How to Teach Your Child About Wind

Mixed race girl running with kite on beach
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The seasons bring so many changes in weather, and teaching your child about the weather is fun and easy because you're surrounded by the changes: snow in the winter, rain in the spring and changing leaves in the fall. These are easy for your little one to understand because they can see, feel and even collect them, but other concepts, like wind, are a little more difficult for your toddler to wrap their mind around.

Teaching About the Wind

During one of my classes, my students were learning about the wind around us. I used a folded up paper fan to demonstrate to the children how they can create their own wind. For many of the children, this was just a fun and reinforcing activity about what wind feels like. One child, however, made a connection! She thought that since she could make wind by moving the fan back and forth, it must be the trees moving back and forth that makes the wind outside. Isn't that an interesting conclusion? It took some time to convince her that the opposite is true.

One fun way to teach your child about wind is by flying a kite. This is such a great activity all children should experience, and it's also a fantastic opportunity to educate. Kites tend to be difficult for toddlers to manage on their own, between the pull of the wind and their own strength. Of course, toddlers have barely mastered walking, so they can't get the running start necessary to launch a kite into the air. Be sure to supervise.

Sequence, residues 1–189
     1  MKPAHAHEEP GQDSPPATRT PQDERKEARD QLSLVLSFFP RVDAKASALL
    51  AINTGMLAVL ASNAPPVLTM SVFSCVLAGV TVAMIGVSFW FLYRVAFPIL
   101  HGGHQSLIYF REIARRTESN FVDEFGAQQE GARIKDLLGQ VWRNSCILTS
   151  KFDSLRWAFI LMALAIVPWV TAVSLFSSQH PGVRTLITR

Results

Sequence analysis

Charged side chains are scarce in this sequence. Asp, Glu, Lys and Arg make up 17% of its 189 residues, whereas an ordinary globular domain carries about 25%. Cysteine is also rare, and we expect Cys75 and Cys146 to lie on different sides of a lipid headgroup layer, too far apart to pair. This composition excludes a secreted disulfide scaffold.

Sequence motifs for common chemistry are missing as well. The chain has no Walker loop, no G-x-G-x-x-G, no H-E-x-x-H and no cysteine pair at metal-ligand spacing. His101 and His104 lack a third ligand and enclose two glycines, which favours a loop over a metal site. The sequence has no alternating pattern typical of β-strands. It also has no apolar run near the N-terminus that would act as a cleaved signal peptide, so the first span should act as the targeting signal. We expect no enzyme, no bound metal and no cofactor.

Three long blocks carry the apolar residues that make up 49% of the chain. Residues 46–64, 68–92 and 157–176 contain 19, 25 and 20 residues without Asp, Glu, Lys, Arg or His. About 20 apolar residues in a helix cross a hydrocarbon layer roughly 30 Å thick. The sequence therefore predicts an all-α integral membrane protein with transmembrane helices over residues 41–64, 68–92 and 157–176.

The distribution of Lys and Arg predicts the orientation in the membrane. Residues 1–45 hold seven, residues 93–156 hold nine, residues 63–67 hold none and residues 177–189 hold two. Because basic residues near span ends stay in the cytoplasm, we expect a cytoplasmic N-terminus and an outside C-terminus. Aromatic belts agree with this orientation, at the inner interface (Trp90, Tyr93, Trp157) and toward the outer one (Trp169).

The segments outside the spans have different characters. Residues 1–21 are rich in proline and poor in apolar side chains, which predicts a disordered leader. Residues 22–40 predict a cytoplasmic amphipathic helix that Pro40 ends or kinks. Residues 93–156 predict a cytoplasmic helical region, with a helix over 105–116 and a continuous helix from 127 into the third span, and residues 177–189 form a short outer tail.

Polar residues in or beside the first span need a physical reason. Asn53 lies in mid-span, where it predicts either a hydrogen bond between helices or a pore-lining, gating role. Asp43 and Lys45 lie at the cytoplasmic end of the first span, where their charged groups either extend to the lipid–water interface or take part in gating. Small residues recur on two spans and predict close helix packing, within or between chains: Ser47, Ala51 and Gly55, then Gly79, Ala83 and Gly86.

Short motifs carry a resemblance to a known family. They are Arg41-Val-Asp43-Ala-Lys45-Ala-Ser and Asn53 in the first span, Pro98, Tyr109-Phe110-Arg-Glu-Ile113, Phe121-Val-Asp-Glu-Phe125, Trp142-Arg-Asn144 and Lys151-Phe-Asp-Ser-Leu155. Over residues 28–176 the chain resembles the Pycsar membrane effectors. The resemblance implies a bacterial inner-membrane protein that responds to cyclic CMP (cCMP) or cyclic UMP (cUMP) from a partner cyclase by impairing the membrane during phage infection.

Wind Toys & Objects

If your toddler is too small for a kite, a good alternative is a balloon tied to a string. If you're out flying a kite with an older sibling, you might want to bring a balloon along so your toddler feels like they, too, are participating and experiencing the wind. As always, make sure to supervise closely and dispose of the balloon properly. It can become a choking hazard when popped or deflated.

Other fun toys that will help teach your tot about wind include pinwheels, windsocks and batons or sticks with ribbons or crepe paper attached. Even a simple paper shopping bag is fun since it will blow open when held in the wind. Your toddler will really be able to feel the force of the wind pulling and offering resistance. You could also hang a wind chime or wind-powered whirligig on your porch or yard. In addition to being a nice decoration, it also serves as a visual and audible reminder of the power of the wind.

When teaching your child about wind, try to include some of these vocabulary words:

  • Air
  • Blast
  • Blow
  • Breeze
  • Cold
  • Draft
  • Float
  • Fly
  • Gentle
  • Gust
  • Hot
  • Soft
  • Strong
  • Sway
  • Warm